“There’s no question that the further development of the river trail, along with continued development of the downtown area of Columbia will continue to draw visitors in greater numbers,” says Poirier. “I would love to see the further development of the downtown area as a pedestrian-friendly shopping and dining destination.”
Shopping is already a strong suit — the town’s antique scene is a major lure. There are a half-a-dozen markets, many housed in spaces as charming and historic as the items for sale inside. One of the largest is Burning Bridge Antiques Market on Walnut Street. The building, owned by the Herr family, was a coach factory in the late 1800s and then a hardware store for 100 years before the current incarnation opened in 2005.
“On any given weekend, our large parking lot is a rainbow of license plates from all over,” says manager Cindie Coleman.
Two hundred dealers rent space at Burning Bridge. They sell everything from high-end jewelry to industrial items, mid-century modern furniture and architectural salvage. The business also supplies props for movies and TV.
“We have a large customer base of regulars and repeat customers that come from a vast geographical region including Brooklyn, Texas, California and Canada,” says Coleman. “We even have ‘regulars’ that come from Japan, fill a box truck, and ship it back to Japan in containers.”
“My wish list for Columbia is for everyone to continue to grow without losing the historical importance of Columbia’s past,” she continues. “The existing businesses, including all of the antique malls, are respectful of the historic buildings and factories that they have converted…I would like to see more family-friendly businesses such as a coffee shop and an ice cream shop. I would like to see boutiques and art-based businesses. I would like to see more focus on rejuvenating Locust Street to create a more walkable environment for our visitors.”
Columbia still has a wealth of stunning but underused spaces, and Lutz knows that there is a lot of untapped potential in town. He also has a long wish list, including an upscale restaurant and another brewpub.
“Additional brewpubs tend to do well together,” he says. “I think that would be a great win. If we could develop some outdoor recreation businesses close to the river park or if we could use the river park and trailhead to attract more businesses, that would be wonderful. Once you do that, the possibility [grows] of some hospitality business — a hotel or boutique hotel, maybe more B&Bs — opening to give people a place to stay.”
When you talk to Columbia boosters, the 14-mile Northwest Lancaster County River Trail is on everyone’s lips. After years of investment, the 10-foot-wide path runs from Falmouth down to the Columbia Riverfront Park. People bike, walk, bring their dogs; it’s ADA accessible. Local company Chiques Rock Outfitters sends riders out from Columbia River Park by bicycle. In Marietta (7.5 miles away), they trade two wheels for kayaks and hit the river back to Columbia. There is conversation about connecting the trail to existing networks that go as far as Washington, D.C.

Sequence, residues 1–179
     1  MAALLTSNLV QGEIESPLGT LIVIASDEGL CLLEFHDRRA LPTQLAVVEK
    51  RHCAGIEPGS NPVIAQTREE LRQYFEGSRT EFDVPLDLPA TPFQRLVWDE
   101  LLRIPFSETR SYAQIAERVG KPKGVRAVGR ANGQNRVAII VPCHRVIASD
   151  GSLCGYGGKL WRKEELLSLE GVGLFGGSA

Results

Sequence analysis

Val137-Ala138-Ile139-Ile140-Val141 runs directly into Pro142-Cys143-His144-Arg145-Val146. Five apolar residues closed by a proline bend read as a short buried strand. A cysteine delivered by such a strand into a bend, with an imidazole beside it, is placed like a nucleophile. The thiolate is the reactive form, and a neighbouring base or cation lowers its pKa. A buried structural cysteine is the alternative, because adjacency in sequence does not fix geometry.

It is the latest victory for a movement that goes back almost two decades — a complex, impassioned effort to reconnect people to the river and its history.
Local economic development got a tremendous boost in 2001, when the ribbon of landscapes and communities along both shores of the river in Lancaster and York Counties was declared a Pennsylvania Heritage Area, a state designation bestowed by the Pennsylvania Department of Conservation and Natural Resources (DCNR). The program was launched in the late 1980s, with a focus on areas of the state with declining industries (including the Lackawanna Valley, where the coal industry was receding, and Pittsburgh, where steel was withering). With the designation comes a wealth of technical support and funding opportunities.
The original title was the “Lancaster/York Heritage Region,” but the organization soon realized that with a narrower focus, they could have a larger impact. They rebranded as Susquehanna Heritage and began investing in land preservation, tourism, and wayfinding tools such as maps, websites and informational signage.
“We spent five years working within that old identity and were spread pretty thin,” recalls President Mark Platts. “The one place we could focus on that nobody really owns is the river. It’s a border and a boundary, but also the thing that unites both counties. We decided to change our name and focus on the river.”
Two years ago, the organization partnered with Columbia Borough to manage the Columbia Crossing River Trails Center.
“We had 25,000 people through the doors during the first year of operation,” says Platts. “The Northwest River Trail opened around the same time we started running the Center. That trail has really been a boon for Columbia and Marietta. It makes the river accessible in a way it wasn’t before.”
The one place we could focus on that nobody really owns is the river. It’s a border and a boundary, but also the thing that unites both counties.Mark Platts, Susquehanna Heritage
Another major player in getting the trail built was the Lancaster County Solid Waste Management Authority (LCSWMA) — they own just over 1000 acres of land, including parcels along the river needed to complete the route.